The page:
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Summary: Joy at Christmas is the coming of Christ not the birth of Jesus, this joy should be the thing we most desire at Christmas

What I want for Christmas – Matthew 2:1-12

Big Idea: Joy at Christmas in the coming of Christ not the birth of Jesus

Big response: When reflecting on Jesus to know joy and share that with others

If I am going to answer this question of “What I want for Christmas” – we first need to think about the significance of the event.

For example if it was your wedding day and you were asked the question ““What I want for my wedding” you would most likely want presents or gifts that will be useful in running a home together in the years ahead. If it was your retirements and you were asked the question “What I want for my retirement” you might want things to help you relax – a case of wine, some good books. Our understanding of the event will determine what we want from it.

So before we can answer the question “What I want for Christmas” – we need to spend some time unpacking the significance of the occasion. To do this we will use the passage from Matthew that I read earlier. What is significant about the event.

Firstly – The King has come

Has anyone ever met royalty? When I was in Uganda a few years ago – I didn’t get to meet the King – but the Kings’ mother. Hot dusty day expand ….They had fixed an appointment for me to meet her – and I remember going to visit her and bowing down – while she was seated on an African rug. Now to be honest this was only a regional King – so maybe equivalent to the size of Epsom – but in my books a King’s mother is a King’s mother

As we enter into the story of Matthew we find these strange mysterious men – Magi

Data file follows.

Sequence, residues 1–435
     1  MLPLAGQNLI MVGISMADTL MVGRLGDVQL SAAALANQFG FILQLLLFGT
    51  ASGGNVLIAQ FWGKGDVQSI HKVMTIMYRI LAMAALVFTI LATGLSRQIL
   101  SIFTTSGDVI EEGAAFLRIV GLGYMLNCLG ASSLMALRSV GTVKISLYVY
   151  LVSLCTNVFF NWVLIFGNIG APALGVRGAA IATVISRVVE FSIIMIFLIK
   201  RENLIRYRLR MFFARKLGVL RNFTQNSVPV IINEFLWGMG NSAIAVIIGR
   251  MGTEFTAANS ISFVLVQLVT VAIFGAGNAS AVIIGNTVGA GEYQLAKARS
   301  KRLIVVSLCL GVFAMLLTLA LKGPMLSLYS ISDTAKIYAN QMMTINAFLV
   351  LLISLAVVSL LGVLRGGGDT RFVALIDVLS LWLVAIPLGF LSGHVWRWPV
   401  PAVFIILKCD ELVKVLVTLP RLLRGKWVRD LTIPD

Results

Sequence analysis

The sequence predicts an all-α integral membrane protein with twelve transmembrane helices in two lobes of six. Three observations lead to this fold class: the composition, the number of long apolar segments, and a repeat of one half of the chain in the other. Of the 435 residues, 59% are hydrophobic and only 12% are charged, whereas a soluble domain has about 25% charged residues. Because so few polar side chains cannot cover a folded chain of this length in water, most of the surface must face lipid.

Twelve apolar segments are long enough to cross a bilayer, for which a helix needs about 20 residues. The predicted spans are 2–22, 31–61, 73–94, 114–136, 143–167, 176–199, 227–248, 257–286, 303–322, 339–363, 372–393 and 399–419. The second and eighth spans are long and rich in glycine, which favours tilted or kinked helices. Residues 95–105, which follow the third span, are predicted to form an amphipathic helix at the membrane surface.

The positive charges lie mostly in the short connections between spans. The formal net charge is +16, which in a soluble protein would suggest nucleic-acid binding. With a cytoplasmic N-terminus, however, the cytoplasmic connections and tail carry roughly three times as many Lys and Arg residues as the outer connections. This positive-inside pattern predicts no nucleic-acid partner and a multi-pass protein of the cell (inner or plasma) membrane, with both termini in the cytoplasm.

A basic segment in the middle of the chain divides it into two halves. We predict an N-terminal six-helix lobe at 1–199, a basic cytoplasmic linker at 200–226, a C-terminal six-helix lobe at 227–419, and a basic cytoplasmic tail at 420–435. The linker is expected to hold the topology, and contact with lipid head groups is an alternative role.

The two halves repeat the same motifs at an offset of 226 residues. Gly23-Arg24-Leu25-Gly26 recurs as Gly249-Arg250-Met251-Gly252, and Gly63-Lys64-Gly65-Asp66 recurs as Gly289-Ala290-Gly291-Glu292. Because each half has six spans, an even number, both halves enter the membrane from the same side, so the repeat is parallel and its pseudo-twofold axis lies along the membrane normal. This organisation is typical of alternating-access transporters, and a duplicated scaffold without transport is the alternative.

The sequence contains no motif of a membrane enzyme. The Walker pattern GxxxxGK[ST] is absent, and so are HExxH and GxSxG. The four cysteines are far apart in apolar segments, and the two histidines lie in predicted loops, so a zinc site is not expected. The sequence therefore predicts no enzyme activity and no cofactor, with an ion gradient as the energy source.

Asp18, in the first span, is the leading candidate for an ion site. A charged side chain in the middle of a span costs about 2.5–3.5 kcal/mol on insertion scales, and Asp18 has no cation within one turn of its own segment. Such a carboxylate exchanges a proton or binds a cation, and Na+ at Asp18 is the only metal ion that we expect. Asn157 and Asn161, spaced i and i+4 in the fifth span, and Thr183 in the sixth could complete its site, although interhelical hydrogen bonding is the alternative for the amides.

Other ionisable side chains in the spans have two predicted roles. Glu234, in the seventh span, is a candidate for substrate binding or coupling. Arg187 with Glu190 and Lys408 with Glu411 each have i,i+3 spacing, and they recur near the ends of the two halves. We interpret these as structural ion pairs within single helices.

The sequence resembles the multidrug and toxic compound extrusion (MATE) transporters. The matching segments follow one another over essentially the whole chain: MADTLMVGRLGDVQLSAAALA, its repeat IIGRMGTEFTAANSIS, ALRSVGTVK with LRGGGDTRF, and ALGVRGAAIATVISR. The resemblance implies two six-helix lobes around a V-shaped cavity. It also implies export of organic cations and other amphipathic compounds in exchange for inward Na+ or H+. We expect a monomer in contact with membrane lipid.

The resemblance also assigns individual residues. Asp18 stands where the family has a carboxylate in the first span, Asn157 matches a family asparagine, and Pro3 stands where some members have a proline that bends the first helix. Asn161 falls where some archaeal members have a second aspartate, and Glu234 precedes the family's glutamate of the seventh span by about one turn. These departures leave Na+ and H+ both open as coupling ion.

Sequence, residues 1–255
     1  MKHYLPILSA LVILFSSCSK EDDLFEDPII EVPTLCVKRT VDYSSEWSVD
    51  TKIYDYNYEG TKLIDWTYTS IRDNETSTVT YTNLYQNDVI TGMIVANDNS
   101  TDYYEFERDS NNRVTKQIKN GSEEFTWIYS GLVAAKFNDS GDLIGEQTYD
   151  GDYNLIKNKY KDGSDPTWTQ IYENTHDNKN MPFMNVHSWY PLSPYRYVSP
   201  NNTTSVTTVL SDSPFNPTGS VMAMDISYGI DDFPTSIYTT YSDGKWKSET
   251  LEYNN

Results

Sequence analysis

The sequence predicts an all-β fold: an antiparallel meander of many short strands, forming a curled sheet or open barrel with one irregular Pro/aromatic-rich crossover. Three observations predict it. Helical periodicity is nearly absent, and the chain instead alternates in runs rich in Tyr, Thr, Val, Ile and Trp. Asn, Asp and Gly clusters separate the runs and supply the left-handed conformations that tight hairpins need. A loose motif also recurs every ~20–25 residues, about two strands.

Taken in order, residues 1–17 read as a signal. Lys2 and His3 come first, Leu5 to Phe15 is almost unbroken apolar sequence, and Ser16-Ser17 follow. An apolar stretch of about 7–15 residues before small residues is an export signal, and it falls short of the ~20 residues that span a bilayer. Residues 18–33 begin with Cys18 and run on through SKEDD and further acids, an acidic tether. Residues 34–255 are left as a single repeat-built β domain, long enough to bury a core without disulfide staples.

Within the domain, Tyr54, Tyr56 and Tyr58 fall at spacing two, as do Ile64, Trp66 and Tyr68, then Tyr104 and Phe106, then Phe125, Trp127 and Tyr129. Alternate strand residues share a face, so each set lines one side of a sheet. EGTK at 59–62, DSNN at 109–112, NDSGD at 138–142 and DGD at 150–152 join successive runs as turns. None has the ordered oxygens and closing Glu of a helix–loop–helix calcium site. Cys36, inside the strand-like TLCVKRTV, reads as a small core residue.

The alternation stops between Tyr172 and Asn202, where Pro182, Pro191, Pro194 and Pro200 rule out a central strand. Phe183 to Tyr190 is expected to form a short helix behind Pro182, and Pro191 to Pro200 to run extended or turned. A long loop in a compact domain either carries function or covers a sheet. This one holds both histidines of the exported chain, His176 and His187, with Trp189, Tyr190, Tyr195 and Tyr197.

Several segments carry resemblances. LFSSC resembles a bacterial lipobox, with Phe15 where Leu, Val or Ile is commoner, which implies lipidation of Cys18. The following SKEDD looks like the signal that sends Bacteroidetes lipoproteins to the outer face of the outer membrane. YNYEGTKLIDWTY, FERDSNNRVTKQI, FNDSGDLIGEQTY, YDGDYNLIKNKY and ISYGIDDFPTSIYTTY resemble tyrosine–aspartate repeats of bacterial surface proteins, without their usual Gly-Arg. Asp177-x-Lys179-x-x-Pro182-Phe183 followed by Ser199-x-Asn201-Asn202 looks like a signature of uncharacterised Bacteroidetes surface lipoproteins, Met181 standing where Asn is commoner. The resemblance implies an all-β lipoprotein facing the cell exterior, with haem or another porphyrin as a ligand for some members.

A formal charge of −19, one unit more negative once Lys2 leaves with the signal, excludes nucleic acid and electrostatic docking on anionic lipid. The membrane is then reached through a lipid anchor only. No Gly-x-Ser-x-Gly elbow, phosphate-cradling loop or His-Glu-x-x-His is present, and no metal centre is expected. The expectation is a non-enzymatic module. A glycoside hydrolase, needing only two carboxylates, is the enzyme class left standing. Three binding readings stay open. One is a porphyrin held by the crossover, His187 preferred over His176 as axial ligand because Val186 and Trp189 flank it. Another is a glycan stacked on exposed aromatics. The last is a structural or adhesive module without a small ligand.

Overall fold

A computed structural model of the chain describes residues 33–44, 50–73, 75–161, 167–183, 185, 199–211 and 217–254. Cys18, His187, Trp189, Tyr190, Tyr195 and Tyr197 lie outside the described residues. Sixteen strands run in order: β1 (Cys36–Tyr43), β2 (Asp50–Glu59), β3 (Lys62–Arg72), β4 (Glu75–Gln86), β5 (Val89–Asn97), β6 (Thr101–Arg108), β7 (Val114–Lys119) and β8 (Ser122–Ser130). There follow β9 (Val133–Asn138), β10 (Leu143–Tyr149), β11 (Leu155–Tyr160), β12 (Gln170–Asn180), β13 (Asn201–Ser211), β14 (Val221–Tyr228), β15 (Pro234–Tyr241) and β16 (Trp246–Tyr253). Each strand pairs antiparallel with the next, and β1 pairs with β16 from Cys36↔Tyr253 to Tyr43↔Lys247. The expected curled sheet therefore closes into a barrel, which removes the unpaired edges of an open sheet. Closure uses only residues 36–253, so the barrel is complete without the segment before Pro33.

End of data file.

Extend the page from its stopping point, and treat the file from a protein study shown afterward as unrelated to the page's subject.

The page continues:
Very little is known about the Wise Men or Magi. Matthew doesn’t even record how many of them there were. All the Bible tells us is that they came from the East to Jerusalem. And so it is more than likely they were NOT Jews. Tradition has it that they were Magi from Persia, once a mighty country where modern Iran and Iraq now are. What is known about the names and number comes from legends and what exactly Magi were from information gleaned from history about the Persian kings. In the second century, a church father named Tertullian suggested that these men were kings because the Old Testament had predicted that kings would come to worship him.

He also concluded that there were three kings based on the number of gifts mentioned, gold, frankincense and myrrh. In the sixth century, someone decided that their names were Melchior, Baltazar and Gaspar.

It is generally accepted that “the Magi were a priestly caste (in the Persian Empire),

The Magi worshipped the elements of fire, air, earth and water, especially fire.

The only temples they had were fire temples, generally on the roofs of houses, where they kept the sacred element burning day and night – a bit like the Eternal Flame in Arlington Cemetery over President John Kennedy’s grave.

“Magi from the East came to Jerusalem and asked "Where is the one who has been born king of the Jews? We saw his star in the east[b] and have come to worship him." “

Can you imagine if suddenly there was a knock on the door Where is the pastor of Stoneleigh we saw his rainfall in Wales and have come to see him. What would you think – madness get these people out of here. Loony -

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